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Why is On­col­o­gy Drug De­vel­op­ment Re­search Late to the Dig­i­tal Bio­mark­ers Game?

During the recent Annual ASCO Meeting, thousands of cancer researchers and clinicians from across the globe joined together virtually to present and discuss the latest findings and breakthroughs in cancer research and care. There were more than 5000+ scientific abstracts presented during this event, yet only a handful involved the use of motion-tracking wearables to collect digital measures relating to activity, sleep, mobility, functional status, and/or quality of life. Although these results were a bit disappointing, they should come as no surprise to those of us in the wearable technology field.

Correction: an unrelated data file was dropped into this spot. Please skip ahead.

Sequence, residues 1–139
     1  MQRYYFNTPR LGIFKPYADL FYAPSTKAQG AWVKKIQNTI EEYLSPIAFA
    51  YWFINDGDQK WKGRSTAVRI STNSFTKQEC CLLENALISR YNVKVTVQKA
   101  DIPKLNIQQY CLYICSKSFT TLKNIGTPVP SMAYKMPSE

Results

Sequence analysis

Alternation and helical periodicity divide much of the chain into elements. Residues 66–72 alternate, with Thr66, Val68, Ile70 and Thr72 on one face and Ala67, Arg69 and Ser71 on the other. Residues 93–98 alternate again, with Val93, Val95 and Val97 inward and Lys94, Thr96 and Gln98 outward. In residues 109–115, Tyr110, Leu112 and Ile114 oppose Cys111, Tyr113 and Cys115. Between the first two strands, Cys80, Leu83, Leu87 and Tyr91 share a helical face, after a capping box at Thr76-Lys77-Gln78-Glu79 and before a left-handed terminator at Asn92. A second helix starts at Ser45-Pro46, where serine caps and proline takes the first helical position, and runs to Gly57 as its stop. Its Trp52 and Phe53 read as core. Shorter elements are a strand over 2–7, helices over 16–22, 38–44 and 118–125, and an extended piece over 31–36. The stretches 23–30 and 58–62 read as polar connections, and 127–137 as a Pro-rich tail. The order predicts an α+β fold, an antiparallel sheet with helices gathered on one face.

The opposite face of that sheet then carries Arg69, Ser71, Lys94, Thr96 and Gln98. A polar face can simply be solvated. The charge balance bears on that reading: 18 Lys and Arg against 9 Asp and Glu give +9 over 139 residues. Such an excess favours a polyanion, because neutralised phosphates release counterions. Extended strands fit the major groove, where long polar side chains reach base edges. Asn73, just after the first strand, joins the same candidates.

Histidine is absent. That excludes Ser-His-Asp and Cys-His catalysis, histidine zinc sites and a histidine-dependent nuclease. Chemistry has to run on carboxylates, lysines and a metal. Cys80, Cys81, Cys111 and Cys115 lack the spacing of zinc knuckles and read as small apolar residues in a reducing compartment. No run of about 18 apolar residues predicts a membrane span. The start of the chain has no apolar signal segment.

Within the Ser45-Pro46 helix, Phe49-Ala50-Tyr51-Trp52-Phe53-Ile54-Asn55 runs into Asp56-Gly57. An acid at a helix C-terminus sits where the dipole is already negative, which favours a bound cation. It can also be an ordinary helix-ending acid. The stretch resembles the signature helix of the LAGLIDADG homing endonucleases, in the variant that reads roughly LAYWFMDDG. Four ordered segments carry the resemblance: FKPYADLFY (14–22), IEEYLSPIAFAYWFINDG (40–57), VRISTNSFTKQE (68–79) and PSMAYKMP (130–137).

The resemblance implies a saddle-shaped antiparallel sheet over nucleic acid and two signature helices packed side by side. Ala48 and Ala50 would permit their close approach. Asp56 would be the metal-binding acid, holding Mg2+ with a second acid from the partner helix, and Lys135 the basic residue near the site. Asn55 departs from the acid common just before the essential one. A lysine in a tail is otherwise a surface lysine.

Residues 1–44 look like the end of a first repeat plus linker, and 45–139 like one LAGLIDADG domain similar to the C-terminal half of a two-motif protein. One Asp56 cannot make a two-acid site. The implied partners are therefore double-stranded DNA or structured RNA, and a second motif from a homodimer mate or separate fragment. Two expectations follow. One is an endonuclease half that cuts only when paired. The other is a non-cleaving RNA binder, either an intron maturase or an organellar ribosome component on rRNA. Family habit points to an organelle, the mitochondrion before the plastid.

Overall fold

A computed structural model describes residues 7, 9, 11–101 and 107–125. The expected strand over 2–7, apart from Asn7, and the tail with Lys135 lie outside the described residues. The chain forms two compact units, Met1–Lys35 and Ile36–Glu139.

Art Levinson (Calico)

Google-backed Cal­i­co dou­bles down on an­ti-ag­ing R&D pact with Ab­b­Vie as part­ners ante up $1B, start to de­tail drug tar­gets

Seven years after striking up a major R&D alliance, AbbVie and Google-backed anti-aging specialist Calico are doubling down on their work with a joint, $1 billion commitment to continuing their work together. And they’re also beginning to offer some details on where this project is taking them in the clinic.

According to their statement, each of the two players is putting up $500 million more to keep the labs humming.

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Andrea Pfeifer, AC Immune CEO (AC Immune)